Nashville has continued to be a prosperous and wealthy city into modern times, thanks largely to the music industry, through education, health care, manufacturing, and commerce all play important roles, too. Before all of this came into being, though, there were the Native Americans. The descendants of these earliest settlers lived in the area for millennia and left behind a rich archaeological record that includes the Paleoindian, Archaic, Woodland, and Mississippian eras and cultures.
The last group of Native Americans that lived in the Nashville area in what is considered the prehistoric period were the Mississippian people. The Mississippians seem to have completely vanished from the area. The reason why is not known, though archaeologists suspect it was a result of an explosion in their population combined with an extreme drought that was going on in that area at the time. These factors would have led to disease, malnutrition, and warfare with neighboring tribes over dwindling area resources.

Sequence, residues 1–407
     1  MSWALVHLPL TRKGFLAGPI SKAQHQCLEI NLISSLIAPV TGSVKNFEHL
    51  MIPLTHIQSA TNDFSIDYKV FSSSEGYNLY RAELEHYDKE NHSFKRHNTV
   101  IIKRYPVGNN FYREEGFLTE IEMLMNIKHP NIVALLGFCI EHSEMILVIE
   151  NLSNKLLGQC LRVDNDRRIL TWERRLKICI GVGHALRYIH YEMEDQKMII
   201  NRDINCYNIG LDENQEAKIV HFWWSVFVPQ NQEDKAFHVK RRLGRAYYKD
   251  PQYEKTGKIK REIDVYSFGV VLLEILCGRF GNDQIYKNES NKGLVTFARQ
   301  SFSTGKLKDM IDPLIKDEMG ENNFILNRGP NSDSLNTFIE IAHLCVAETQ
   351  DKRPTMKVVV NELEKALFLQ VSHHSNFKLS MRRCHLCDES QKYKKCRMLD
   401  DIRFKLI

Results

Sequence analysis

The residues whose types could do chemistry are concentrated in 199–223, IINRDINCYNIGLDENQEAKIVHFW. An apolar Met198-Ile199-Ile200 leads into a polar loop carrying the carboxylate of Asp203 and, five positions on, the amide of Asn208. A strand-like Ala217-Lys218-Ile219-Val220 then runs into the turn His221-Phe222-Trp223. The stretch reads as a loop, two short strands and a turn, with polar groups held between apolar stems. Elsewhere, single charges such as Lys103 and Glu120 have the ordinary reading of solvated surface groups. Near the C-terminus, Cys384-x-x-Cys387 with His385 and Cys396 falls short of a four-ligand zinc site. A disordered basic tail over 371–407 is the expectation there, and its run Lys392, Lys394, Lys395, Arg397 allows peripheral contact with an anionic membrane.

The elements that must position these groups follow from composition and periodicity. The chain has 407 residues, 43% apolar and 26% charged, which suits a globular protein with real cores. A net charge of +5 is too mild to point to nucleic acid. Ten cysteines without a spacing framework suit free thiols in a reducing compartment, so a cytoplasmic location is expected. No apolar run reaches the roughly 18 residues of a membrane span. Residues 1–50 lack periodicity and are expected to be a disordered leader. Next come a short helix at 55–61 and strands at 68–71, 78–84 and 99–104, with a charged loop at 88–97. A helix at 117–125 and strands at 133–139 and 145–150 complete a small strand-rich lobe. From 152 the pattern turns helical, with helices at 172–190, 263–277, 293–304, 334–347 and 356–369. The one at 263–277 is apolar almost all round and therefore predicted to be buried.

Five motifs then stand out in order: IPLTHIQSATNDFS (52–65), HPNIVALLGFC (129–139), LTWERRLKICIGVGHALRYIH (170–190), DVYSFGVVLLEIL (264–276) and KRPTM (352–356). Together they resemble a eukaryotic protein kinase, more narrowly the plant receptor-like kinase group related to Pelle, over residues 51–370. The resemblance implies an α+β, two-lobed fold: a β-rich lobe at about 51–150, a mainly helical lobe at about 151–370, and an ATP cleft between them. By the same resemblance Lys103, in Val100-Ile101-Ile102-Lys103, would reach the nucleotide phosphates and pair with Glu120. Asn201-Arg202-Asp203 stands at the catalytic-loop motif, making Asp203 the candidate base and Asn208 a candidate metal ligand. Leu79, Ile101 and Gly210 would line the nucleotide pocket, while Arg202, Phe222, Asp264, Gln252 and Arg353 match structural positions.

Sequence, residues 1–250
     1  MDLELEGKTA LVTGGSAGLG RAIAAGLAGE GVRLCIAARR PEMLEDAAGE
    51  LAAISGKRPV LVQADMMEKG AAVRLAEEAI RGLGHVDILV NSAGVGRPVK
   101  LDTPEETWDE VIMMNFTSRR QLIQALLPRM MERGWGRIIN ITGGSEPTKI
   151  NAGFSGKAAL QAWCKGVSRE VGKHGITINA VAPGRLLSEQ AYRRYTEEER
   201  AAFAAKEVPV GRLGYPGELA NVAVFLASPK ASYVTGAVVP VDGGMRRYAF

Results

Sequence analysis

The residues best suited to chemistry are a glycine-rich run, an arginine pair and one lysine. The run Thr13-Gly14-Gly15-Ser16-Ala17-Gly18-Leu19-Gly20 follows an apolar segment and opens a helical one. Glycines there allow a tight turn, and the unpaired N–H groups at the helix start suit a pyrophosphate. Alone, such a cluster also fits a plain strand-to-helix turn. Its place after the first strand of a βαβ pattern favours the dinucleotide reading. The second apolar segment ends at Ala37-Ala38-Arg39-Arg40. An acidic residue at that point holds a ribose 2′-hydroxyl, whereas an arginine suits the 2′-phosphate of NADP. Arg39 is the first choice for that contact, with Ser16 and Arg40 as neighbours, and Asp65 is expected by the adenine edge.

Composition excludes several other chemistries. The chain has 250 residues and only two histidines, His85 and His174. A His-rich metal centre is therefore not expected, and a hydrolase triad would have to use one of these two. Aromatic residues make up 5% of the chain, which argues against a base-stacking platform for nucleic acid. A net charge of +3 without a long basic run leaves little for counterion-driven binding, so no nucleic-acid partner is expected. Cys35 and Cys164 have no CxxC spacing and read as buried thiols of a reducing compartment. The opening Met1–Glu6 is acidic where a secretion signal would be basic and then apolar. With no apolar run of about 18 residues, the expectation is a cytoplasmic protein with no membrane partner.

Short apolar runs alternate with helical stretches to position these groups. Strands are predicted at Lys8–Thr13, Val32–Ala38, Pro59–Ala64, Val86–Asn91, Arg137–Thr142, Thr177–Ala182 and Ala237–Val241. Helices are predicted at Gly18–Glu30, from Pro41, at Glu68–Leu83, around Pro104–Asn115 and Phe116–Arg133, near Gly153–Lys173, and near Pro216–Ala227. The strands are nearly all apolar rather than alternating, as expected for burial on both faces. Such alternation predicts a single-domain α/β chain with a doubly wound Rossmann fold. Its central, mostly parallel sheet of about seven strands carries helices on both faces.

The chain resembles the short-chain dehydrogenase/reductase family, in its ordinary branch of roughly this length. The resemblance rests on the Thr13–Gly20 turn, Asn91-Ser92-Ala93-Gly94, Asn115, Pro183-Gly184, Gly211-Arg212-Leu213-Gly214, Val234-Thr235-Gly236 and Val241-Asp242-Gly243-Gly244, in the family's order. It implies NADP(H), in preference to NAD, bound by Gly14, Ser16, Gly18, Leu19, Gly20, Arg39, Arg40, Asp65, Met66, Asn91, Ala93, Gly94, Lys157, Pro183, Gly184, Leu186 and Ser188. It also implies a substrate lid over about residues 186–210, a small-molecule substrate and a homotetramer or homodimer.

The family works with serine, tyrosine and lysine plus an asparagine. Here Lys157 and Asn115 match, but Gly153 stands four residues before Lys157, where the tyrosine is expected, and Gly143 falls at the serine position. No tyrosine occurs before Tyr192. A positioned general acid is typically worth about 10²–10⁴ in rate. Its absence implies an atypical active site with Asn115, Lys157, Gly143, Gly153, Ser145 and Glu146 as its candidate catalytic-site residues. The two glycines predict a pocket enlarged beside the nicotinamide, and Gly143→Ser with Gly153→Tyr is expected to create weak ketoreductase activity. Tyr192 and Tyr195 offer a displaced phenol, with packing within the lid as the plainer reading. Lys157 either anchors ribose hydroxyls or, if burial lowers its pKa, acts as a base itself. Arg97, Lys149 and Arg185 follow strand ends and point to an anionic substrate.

No evidence of Native American habitation in the Nashville area exists from about 1500 AD to the late 1600 AD period. By the late 1600s, the Shawnee had moved into the Nashville area, followed by the rival tribes of the Cherokee and Chickasaw in about 1700 AD. The Cherokee and Chickasaw challenged the Shawnee for the land.
This tug of war between the tribes would come to nothing not long after Hernando de Soto led an expedition of Europeans through the Nashville area in the 1600s, the first known European expedition of this area. While the de Soto expedition was just marching through, French fur trappers soon came to the Nashville area and established a trading post here in 1689 close to the current site of the city. After that, Europeans kept coming, and finally permanently settled Nashville, moving the Native Americans out of the area for good, making room for the Nashville we now know.